In a post last week, I wrote about the proposed revised Financial Choice Act (H.R. 10) now pending before Congress and the potential impact that the bill could have on the SEC’s enforcement program. In this post, I address the potential impact that the bill’s provisions could have on public company disclosure requirements and corporate governance. If the bill’s provisions are enacted into law, the measures could significantly alter or eliminate many of the Dodd-Frank Act’s disclosure and corporate governance requirements.
As I discussed in my prior post, in April 2017, Rep. Jeb Hensarling (R-Tex.) introduced an amended version of the Financial Choice Act that he had previously introduced last year. Because the latest version updates the prior version, the latest bill often is referred to as Financial Choice Act 2.0. The House Financial Services committee recently approved the bill and it now remains pending before the House of Representatives.
The bill would eliminate or revise a number of the Dodd-Frank Act’s key features relating to systemic financial stability. As I noted in last week’s post, the bill also contains a number of provisions that if enacted could substantially affect the SEC’s enforcement authority.
The current version of the bill also contains a number of noteworthy modifications to many of the Dodd-Frank Act’s disclosure requirements, as discussed in a May 10, 2017 Law 360 article by Yafit Cohn and Karen Hsu Kelley of the Simpson Thatcher law firm (here). A number of these disclosure requirements have proven to be controversial and the subject of significant criticism, particularly the Dodd-Frank Act’s disclosure requirements related to conflict minerals, extractive industries, and mine safety.
The Dodd-Frank Act’s conflict minerals disclosure requirements were intended to require listed companies to disclose whether their products were sourced from countries where the proceeds of mining for the specified minerals were used to fund armed conflict. While many may believe the provisions’ overall goals were laudatory, from the very beginning there have been questions whether the SEC’s public company reporting requirements should be used as a foreign policy tool. The SEC’s attempts to implement the requirements have been dogged by questions about their legality and constitutionality. The requirements have also been criticized as costly and burdensome for the reporting companies, while doing more harm than good in the countries the rules were designed to help. The proposed bill eliminates the conflict mineral disclosure requirements.
The Dodd-Frank Act’s extractive industries disclosure requirement was also subject to many of the same criticisms as the conflict minerals disclosure requirements. Dodd-Frank Act Section 1504 directs the Commission to issue rules requiring resource extraction issuers to include in an annual report information relating to any payment made by the issuer, a subsidiary of the issuer, or an entity under the control of the issuer, to a foreign government or the Federal Government for the purpose of the commercial development of oil, natural gas, or minerals. This rule was also criticized as a foreign policy objective masquerading as a corporate disclosure requirement, and also for imposing burdens on reporting companies while producing little benefit. The proposed bill would eliminate the extractive industries disclosure requirement.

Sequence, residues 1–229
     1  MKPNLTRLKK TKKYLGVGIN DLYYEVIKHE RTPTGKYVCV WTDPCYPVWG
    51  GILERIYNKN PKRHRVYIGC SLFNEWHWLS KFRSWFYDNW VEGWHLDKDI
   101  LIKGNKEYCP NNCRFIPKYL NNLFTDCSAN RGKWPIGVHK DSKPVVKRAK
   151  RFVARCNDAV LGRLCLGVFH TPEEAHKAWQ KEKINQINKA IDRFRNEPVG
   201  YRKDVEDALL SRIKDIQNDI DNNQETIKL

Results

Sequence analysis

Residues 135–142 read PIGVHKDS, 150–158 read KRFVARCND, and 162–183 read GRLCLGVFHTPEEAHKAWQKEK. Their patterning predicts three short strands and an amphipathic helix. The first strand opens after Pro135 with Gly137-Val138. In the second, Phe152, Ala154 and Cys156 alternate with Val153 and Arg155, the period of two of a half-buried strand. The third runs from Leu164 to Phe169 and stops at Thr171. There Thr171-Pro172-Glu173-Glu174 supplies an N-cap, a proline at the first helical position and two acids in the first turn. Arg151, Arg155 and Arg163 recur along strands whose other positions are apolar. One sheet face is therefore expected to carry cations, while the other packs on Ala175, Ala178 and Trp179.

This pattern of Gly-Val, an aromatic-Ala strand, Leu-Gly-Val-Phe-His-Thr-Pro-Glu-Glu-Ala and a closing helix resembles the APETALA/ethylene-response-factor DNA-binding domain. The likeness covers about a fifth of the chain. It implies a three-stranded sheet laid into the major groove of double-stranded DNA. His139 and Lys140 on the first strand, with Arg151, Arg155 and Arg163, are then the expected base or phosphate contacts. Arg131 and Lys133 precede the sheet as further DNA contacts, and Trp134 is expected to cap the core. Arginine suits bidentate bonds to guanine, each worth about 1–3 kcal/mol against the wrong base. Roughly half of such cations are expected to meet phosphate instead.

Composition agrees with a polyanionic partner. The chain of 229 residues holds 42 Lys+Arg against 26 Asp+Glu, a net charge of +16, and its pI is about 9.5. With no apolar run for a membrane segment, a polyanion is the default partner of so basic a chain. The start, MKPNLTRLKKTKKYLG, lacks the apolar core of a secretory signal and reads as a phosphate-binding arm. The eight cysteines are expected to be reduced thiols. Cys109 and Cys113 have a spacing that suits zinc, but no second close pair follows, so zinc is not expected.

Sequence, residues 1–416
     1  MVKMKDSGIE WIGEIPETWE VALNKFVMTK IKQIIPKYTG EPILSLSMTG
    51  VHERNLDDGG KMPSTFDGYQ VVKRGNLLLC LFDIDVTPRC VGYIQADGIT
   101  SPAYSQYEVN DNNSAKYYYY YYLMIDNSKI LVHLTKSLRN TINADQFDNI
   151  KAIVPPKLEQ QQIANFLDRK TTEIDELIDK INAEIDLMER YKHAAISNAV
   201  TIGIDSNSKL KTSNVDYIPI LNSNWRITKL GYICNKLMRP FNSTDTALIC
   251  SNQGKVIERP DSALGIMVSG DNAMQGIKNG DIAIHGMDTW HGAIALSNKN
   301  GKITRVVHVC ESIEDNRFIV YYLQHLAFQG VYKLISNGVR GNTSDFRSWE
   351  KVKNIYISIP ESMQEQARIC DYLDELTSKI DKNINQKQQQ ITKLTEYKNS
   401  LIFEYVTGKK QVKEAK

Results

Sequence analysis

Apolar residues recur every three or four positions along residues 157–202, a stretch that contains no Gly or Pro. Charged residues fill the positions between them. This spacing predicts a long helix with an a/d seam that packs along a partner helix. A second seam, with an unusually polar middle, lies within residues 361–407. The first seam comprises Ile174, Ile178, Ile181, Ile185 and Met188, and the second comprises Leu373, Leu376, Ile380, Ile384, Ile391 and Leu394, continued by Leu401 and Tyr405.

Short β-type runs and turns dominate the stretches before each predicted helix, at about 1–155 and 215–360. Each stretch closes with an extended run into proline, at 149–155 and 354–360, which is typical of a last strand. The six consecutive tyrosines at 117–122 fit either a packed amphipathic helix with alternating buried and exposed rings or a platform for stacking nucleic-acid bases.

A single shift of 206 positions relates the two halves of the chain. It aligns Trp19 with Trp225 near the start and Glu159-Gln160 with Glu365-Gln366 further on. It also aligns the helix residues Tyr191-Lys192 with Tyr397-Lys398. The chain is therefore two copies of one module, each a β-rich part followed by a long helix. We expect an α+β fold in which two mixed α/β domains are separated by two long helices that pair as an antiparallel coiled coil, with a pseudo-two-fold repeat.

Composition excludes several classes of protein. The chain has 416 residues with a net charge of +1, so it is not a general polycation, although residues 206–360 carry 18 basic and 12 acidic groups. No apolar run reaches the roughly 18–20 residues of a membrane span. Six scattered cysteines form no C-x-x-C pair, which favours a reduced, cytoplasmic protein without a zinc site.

Dodd-Frank Act Section 1503 directed the SEC to promulgate rules requiring that mining companies disclose certain safety information in their quarterly and annual reports. Much of this information is already required to be reported to the Mine Safety and Health Administration, so these duplicative disclosure requirements added reporting burden and expense while adding little additional benefit. The proposed bill would eliminate the mine safety disclosure requirements.
Provisions in the proposed bill would also eliminate a number of other Dodd-Frank Act disclosure requirements, including the provisions requiring pay ratio disclosure; the provisions requiring disclosure of employee and director hedging policies; and disclosures regarding chairman and CEO structures.
As readers of this blog well know, the Dodd-Frank Act enacted say-on-pay provisions requiring listed companies to hold periodic nonbinding advisory shareholder votes on executive compensation. Under the Dodd-Frank Act, these votes were required to be held “not less frequently than once every three years.” Under the revised Financial Choice Act, the say-on-pay vote is instead required “each year in which there has been a material change” to executives compensation. The bill also removes the Dodd-Frank Act requirements that at least once every six years companies hold a vote to decide whether the say-on-pay votes will take place every one, two, or three years.
The Dodd-Frank Act also contained broad executive compensation clawback provisions, requiring companies to implement a policy providing that if the company restates financial statements from a prior reporting period, the company will recover incentive compensation paid to any current or former executive officer that received incentive compensation during the three-year period preceding the restatement. These provisions have been criticized on, among other grounds, the fact that the compensation clawback could be imposed on an individual who was not involved in and unaware of the matters that led to the restatement. The bill amends the clawback provisions to specify that the provisions apply only where “such executive officer had control or authority over the financial reporting that resulted in the accounting restatement.”